In 1967, a generation of young Americans emerged from the Summer of Love with a radically different view of how they wanted to live their lives. Now, 54 years later, we’ve arrived in the Autumn of Meaning.
Lurching toward a post-pandemic life, we find ourselves in a form of collective mid-life crisis. People of all ages are confronting questions that in normal times haunt mainly the older set whose kids have left the nest and whose lives feel half empty.
The winds carrying Covid-19 spread more than just the virus. They dispersed seeds of discontent that have taken root in our shared consciousness.
We thought life would improve once we got vaccinated. Instead we feel agitated by the ghost of Socrates who is whispering in our ears: “The unexamined life is not worth living.”It’s okay if you feel rattled. The ground beneath us shifted when we contemplated the real possibility of death from an invisible threat. Fundamentals changed even more if you lost loved ones to the virus or you experienced trauma incessantly as health care workers did. We each must find our new place to stand and redefine the source of our well-being.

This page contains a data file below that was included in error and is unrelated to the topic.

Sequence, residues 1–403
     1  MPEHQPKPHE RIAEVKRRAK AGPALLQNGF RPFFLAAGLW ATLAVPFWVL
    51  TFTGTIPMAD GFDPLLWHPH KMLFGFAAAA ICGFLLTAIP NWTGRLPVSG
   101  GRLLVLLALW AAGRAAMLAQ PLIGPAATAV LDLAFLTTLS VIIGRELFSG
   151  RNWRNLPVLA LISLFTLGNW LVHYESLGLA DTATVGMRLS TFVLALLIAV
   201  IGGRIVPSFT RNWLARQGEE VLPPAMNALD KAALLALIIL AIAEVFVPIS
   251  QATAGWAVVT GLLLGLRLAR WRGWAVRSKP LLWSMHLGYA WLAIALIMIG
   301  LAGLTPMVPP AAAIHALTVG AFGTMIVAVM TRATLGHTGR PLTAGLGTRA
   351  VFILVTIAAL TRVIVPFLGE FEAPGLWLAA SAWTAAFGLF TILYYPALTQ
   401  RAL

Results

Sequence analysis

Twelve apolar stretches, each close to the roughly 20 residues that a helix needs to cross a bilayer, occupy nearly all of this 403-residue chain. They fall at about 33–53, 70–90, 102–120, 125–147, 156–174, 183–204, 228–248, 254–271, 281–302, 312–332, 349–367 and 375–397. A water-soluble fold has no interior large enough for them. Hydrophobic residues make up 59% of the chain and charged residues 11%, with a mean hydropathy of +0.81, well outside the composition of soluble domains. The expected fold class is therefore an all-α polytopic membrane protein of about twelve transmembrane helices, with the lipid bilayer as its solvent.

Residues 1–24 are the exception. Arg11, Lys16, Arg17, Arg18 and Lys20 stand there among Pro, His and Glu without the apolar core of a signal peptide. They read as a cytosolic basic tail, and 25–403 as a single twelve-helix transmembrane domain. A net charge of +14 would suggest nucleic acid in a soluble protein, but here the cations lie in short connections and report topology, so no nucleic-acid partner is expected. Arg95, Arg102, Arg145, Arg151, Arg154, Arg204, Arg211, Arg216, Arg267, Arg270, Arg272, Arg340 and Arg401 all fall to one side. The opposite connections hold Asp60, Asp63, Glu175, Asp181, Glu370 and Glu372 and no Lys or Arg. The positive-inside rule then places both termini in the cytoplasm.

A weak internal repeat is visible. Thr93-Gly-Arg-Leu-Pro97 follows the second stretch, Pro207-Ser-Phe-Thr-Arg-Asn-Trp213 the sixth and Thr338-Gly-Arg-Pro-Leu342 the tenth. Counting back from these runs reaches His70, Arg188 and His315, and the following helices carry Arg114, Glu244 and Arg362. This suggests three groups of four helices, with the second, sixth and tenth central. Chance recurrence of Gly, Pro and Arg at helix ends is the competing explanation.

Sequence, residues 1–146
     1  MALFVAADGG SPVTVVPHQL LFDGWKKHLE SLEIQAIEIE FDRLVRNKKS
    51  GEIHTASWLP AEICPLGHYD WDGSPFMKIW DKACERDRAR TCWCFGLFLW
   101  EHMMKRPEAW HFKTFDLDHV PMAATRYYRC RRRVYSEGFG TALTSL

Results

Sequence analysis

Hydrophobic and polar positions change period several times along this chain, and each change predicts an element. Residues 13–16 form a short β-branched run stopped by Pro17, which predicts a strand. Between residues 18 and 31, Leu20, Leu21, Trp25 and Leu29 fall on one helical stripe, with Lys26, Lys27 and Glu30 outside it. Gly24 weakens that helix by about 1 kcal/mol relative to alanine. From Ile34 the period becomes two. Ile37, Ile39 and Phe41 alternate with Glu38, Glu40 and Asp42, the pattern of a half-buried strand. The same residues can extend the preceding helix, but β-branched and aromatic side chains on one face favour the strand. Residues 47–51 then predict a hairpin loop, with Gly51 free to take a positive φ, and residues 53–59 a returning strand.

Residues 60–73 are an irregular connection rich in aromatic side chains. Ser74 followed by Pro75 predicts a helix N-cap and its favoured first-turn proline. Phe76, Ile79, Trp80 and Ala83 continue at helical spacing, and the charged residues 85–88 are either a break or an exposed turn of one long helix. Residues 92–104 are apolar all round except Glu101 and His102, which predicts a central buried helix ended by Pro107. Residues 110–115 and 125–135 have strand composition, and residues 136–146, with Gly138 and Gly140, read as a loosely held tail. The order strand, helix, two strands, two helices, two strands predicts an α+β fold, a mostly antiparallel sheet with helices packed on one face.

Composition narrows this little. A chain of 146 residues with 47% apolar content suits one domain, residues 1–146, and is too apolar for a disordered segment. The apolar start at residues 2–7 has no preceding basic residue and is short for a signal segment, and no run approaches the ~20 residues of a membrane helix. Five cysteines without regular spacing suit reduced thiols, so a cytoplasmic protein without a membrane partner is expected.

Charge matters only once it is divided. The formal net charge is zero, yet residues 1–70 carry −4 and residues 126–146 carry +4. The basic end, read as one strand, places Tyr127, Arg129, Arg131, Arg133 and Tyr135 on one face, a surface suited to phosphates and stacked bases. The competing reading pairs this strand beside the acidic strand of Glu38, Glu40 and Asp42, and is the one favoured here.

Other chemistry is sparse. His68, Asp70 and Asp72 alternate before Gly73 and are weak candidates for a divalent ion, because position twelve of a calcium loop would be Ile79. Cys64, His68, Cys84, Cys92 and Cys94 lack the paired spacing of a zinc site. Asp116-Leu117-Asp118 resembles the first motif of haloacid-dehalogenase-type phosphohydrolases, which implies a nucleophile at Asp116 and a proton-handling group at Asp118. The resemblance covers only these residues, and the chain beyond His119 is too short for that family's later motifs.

Many of us are unaccustomed to scrutinizing ourselves and the choices we’ve made. We use external markers, such as raises and promotions, as milestones to tell us whether our lives are on track. Now we look around and wonder if those socially-sanctioned measures of success mean much to us at all.
What is the meaning of life?
Before the pandemic, few of us lost sleep grappling with the meaning of life. Big Questions stayed in the background, popping up before big birthdays or on New Year’s Eve. COVID-19 brought existential questions to the foreground. Now questions about our purpose and full promise command our attention.
For some, this newfound focus uplifts. For others, it frightens. Either way, there is no escaping the salient call for self-inquiry. We’re seekers now, looking for direction, wisdom and abiding truths.
Notwithstanding The Great Resignation trend, we need not quit our jobs to contemplate what gives us fulfillment. On the contrary, we should make self-reflection an on-going practice, much as we do with exercise.
Introspection is a skill, and we can learn it. As with any skill, mastering the art of introspection takes time, discipline and practice. This is the time. This is the Autumn of Meaning.
The zeitgeist of this moment is a longing to examine our lives. When a new generation looks back on us decades from now, they will recognize our passionate, collective pursuit to grasp the meaning of life, and to experience each unto ourselves a life imbued with meaning.